Tobacco smoke is a prominent cause of SIDS (Sudden Infant Death Syndrome). Tobacco use is the single most important preventable cause of human disease and death.
According to experts, if there is no effective tobacco control in the near future, we can expect approximately one billion tobacco-related premature deaths during the coming century. Smoking is the most common method of consuming tobacco and tobacco is the most common substance smoked.
The active substances trigger chemical reactions in nerve endings which heighten heart rate, memory, alertness and reaction time.
There is now also direct evidence of cancer being caused by carcinogens found in tobacco. Strong association has been found between cigarette smoking and cancers of the mouth, tongue, throat, voice-box (larynx), swallowing tube (esophagus) and pancreas.
Coronary artery disease is the most important cause of tobacco-related premature mortality.
Cancer is caused by mutations in the genes that control the way in which cells mature and divide. Cigarette smoke consists of a mixture containing thousands of different organic chemicals. They act on the DNA of the cell and change the genetic code within genes. When the normal genes are damaged, the cell can take on abnormal behaviour.
Usually one mutation will not cause a cancer. Over the years, as exposure to carcinogens continues, the number of mutations builds up and the behaviour of the damaged cells becomes increasingly dangerous.
"One has to avoid smoking because regular smoking can lead to mouth ulcers, mouth cancer, stomach ulcer, lung cancer and ultimately death. The probability of lung cancer and heart diseases increases among chain smokers." says Dr. Rajesh Kargwal.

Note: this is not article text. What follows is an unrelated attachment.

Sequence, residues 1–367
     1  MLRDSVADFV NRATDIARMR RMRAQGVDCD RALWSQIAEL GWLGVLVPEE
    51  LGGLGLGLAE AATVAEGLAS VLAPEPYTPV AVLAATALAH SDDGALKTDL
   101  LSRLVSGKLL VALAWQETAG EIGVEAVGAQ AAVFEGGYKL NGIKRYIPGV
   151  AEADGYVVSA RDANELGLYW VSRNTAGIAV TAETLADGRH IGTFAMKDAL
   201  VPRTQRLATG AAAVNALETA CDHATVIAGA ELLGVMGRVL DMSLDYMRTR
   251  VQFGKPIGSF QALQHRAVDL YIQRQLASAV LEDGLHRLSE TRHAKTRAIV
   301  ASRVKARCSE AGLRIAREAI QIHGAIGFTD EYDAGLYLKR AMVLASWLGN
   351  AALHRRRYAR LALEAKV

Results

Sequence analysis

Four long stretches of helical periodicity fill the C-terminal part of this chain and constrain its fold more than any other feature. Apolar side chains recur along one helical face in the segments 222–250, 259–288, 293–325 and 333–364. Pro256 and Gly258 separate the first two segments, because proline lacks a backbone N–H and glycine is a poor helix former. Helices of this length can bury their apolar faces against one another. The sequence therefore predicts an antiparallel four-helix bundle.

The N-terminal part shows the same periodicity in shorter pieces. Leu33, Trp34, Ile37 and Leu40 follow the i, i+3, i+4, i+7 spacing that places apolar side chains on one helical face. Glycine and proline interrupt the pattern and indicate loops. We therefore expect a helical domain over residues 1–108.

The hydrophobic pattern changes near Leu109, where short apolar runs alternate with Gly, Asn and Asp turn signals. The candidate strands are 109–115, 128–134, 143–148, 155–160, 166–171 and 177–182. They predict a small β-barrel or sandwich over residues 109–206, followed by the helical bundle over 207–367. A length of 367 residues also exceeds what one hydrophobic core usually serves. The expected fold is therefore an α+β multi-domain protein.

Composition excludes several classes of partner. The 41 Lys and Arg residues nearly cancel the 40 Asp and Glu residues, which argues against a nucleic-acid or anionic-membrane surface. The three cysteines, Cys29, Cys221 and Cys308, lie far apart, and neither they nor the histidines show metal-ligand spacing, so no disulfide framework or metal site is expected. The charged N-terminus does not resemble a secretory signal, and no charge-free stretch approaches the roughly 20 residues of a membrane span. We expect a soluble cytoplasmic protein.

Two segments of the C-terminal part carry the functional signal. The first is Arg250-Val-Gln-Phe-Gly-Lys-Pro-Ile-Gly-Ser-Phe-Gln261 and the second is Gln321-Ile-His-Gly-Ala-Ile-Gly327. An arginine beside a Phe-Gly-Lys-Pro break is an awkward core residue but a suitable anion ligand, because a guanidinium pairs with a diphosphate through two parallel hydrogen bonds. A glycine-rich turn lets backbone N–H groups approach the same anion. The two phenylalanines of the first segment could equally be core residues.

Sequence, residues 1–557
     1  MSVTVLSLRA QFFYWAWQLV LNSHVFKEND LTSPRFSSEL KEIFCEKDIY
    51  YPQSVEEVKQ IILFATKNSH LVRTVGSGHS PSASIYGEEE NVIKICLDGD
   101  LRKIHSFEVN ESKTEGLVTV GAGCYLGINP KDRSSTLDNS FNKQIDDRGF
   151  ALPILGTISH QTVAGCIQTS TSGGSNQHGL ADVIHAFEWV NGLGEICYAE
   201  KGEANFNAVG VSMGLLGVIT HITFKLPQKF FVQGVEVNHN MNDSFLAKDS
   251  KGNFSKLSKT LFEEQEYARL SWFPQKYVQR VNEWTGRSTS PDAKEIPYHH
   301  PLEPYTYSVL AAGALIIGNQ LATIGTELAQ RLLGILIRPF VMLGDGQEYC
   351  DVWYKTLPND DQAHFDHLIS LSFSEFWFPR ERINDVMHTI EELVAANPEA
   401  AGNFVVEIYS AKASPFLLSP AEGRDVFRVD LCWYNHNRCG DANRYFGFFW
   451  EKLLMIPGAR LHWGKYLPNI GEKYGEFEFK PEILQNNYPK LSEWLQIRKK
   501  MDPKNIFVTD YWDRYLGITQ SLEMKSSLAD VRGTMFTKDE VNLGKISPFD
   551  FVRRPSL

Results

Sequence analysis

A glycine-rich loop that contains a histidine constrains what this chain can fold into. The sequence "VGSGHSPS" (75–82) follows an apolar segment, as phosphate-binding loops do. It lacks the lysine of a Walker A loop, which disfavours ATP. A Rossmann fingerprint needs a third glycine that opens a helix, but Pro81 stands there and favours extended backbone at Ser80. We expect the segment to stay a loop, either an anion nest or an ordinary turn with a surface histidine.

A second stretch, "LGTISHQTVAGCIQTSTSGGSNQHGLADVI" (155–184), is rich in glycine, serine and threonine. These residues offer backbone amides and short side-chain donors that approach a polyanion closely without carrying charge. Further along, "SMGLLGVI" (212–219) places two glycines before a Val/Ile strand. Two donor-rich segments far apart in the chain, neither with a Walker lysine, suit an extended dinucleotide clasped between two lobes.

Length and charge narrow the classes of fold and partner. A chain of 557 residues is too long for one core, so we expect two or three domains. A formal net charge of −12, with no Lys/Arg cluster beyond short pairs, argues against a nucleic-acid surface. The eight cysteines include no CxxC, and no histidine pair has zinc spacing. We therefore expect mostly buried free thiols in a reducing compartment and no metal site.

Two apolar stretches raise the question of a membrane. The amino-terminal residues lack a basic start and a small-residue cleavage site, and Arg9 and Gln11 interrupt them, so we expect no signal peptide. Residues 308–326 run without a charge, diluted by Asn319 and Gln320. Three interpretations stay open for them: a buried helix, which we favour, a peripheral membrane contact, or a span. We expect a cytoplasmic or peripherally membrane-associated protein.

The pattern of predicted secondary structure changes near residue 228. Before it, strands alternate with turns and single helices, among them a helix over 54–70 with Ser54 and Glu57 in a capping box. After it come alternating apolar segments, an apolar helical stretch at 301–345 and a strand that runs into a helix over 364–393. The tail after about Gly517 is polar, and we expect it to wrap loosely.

Coronary heart disease is the leading cause of death. Contrary to public perception, smoking-caused heart disease actually results in more deaths per year than smoking-caused lung cancer. Thirty per cent of all heart disease deaths are caused by cigarette smoking.Tobacco smoke contains high levels of carbon monoxide. Carbon monoxide affects the heart by reducing the amount of oxygen the blood is able to carry.
This means that the heart, lungs, brain, and other vital organs do not always receive enough oxygen to perform everyday functions. At the same time, nicotine causes an increase in heart rate and blood pressure.
This causes extraordinary "wear and tear" on the cardiovascular system. People who use tobacco are more likely to have heart attacks, high blood pressure, blood clots, strokes, hemorrhages, aneurysms and other disorders of the cardiovascular system. Smoking actually triples the risk of dying from heart disease. The risk of stroke increases with the number of cigarettes smoked.
Nicotine addiction is very complex and highly individual. Many smokers continue to use tobacco even though they wish they could stop.
Physical Addiction: Nicotine is considered addictive because it alters brain functioning and because most people smoke compulsively. Nicotine is a 'reinforcing' drug - smokers want it regardless of its damaging effects. It is considered a reinforcer because it causes many smokers to continue to smoke in order to avoid the pain of withdrawal symptoms.
Addiction to tobacco (nicotine) is not immediate. People who begin smoking when they are in their teens tend to be more dependent than those who start smoking after the age of 20. Unlike cocaine, heroin or alcohol abuse, the more dangerous effects of tobacco use are not obvious in the beginning.
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